Electronic sewing machines are easier to handle than mechanical machines.

Remember that an operator error is not a manufacturing defect. During the purchase, your owner’s class and reading the owner’s manual, you will be well prepared for using your machine. 

At any time, you can refer to  www.janome.ca. Don’t forget to sign up to be notified of what’s new at Janome. And use the search box on this blog – Janomelife – for LOTS more information. 

Originally published on by Céline Ross, August 17th, 2019 on Vie Janome. Edited by Anne-Margaret and Liz Thompson.

About Anne Stitcher

I am the newest Educator with Janome. While I have been sewing for over 40 years, I'm finding there is always something new to learn in the sewing world. New techniques, new tools and new fabric.
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12 Responses to Let’s review some features of a Janome Computerized Sewing Machine

  1. Wendy says:

    I’m no clear how you can wind the bobbin while still sewing. I have a Skyline S7. Is there somewhere it gives more detail on how to rewind the bobbin while sewing?


    • lizafrica says:

      Hi Wendy,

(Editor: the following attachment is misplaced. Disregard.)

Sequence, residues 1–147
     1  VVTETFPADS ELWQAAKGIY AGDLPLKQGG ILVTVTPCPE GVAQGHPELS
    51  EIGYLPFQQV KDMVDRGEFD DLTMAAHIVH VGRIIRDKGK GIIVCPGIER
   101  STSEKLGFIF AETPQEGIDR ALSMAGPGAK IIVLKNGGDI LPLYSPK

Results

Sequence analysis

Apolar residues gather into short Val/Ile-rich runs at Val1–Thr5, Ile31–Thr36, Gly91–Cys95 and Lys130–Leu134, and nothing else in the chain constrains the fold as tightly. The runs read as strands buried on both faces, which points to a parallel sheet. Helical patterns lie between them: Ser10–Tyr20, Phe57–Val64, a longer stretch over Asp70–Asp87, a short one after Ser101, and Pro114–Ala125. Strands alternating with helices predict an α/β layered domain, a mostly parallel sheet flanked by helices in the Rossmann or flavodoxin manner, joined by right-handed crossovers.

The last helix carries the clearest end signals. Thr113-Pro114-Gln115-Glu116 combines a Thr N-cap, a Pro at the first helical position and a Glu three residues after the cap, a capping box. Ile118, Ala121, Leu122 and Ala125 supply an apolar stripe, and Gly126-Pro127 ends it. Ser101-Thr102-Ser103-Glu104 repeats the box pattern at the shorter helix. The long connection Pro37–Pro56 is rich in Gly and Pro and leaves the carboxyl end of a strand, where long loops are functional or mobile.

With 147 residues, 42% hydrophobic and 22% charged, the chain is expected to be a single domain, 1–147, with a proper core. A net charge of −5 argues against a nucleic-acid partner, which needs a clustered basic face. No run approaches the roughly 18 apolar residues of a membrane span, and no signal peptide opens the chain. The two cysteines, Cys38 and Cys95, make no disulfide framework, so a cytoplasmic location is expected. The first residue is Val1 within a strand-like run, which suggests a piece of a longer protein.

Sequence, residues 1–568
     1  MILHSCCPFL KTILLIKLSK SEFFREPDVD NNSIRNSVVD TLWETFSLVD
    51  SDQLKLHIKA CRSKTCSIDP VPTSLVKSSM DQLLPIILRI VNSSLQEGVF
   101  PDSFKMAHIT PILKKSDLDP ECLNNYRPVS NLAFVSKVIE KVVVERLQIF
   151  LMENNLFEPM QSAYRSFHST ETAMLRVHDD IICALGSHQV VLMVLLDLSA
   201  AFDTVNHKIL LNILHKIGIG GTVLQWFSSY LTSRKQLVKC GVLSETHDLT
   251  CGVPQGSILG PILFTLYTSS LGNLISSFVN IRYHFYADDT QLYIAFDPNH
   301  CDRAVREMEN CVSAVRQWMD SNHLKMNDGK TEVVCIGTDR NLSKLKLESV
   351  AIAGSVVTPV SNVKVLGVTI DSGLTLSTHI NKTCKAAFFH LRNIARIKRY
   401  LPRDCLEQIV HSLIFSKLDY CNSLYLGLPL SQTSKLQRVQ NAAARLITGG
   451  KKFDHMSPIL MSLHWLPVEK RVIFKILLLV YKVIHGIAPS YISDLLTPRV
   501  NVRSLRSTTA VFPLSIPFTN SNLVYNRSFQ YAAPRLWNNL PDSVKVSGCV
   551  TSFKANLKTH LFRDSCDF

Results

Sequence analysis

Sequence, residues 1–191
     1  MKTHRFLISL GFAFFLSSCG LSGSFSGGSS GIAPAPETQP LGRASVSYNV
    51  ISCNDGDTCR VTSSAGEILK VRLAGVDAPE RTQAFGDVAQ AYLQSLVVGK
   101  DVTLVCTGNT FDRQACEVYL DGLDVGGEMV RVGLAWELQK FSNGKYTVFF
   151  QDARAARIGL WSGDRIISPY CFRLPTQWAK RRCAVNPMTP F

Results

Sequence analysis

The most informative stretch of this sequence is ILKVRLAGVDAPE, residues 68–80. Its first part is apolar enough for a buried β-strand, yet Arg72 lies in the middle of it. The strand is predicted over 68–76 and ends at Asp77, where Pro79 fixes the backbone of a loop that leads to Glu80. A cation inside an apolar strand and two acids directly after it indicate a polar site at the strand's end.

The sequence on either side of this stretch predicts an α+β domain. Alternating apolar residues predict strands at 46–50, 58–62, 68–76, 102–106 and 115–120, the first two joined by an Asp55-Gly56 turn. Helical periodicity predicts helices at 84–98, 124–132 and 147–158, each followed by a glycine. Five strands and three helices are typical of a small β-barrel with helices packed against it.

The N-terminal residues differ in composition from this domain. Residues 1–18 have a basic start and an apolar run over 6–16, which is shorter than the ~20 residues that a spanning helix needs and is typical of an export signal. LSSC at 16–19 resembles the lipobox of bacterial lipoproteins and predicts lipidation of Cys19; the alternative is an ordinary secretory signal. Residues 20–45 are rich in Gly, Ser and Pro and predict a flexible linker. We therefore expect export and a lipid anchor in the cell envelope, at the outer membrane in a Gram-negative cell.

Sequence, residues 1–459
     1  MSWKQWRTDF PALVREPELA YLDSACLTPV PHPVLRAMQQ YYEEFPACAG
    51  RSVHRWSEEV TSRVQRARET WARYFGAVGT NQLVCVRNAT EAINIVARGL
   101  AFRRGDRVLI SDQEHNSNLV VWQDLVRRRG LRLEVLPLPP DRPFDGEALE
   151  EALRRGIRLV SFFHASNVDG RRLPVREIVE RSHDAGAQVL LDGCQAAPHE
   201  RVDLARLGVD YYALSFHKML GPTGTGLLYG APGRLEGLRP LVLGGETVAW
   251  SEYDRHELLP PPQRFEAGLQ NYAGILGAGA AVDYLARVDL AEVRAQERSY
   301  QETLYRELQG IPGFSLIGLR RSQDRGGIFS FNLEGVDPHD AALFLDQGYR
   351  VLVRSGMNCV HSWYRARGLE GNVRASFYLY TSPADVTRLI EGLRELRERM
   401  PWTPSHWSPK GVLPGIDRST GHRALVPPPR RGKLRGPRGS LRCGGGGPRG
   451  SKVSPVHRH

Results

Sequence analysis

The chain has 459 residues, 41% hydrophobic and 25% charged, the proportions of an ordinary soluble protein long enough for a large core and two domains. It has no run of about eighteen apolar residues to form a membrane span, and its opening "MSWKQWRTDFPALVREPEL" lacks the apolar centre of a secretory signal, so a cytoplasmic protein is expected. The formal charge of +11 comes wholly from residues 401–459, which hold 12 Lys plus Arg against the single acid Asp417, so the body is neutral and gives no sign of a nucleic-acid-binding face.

Either use the extra spool pin or the optional spool stand so that there is a second threading path. Then set the bobbin winding and while that is happening, you can sew.



  2. Akinluyi Emmanuel Akeem says:

    Good day please what software do I need to use for janome memory craft 230E and how do I use USB on the machine I will be glad if the video can be send to me. Thanks Emmanuel from Nigeria


  3. debra harrower says:

    I have a 11000se, 9400 and 4300 how would you wind a bobbin while sewing? Especially the 9400 as the bobbin thread path and threading path are initially the same. I would think this would be one horrendous mess.


    • lizafrica says:

      Hi Debra,

      No, not necessarily. It you have the optional 2 pin thread stand which screws into the back of the machine, you can thread up the machine with 2 separate threading paths. So the threads would not tangle. It means you can set it up, start winding the bobbin and carry on with your sewing. Avoids standing waiting for it to finish winding?!



  4. Lynne says:

    Thanks for the article. Please can you tell me how to stitch in reverse without holding the button as it says under paragraph 2? I had no idea my machine did this. Love reading this blog.


    • lizafrica says:

      Hi Lynne,

      It will depend on what Jnaome model you have? Do you have the stitches she shows with a little arrow next to them. They are “permAnent” reverse stitches. If your model does not have them, then you would need to hold the reverse button to reverse.



  5. Dennis/Loree Shannon says:

    Thank you, The most informative post I’ve ever read. I’ve had a computerized machine for 6ish years and learned something under every topic!! One reads the manual at the time of purchase but I got over whelmed and don’t remember these things. With little time to sew, didn’t “waste” time reading the manual over again. LOL


  6. Nina says:

    Great info. When using heavier thread, such as 12wt what size needle should be used?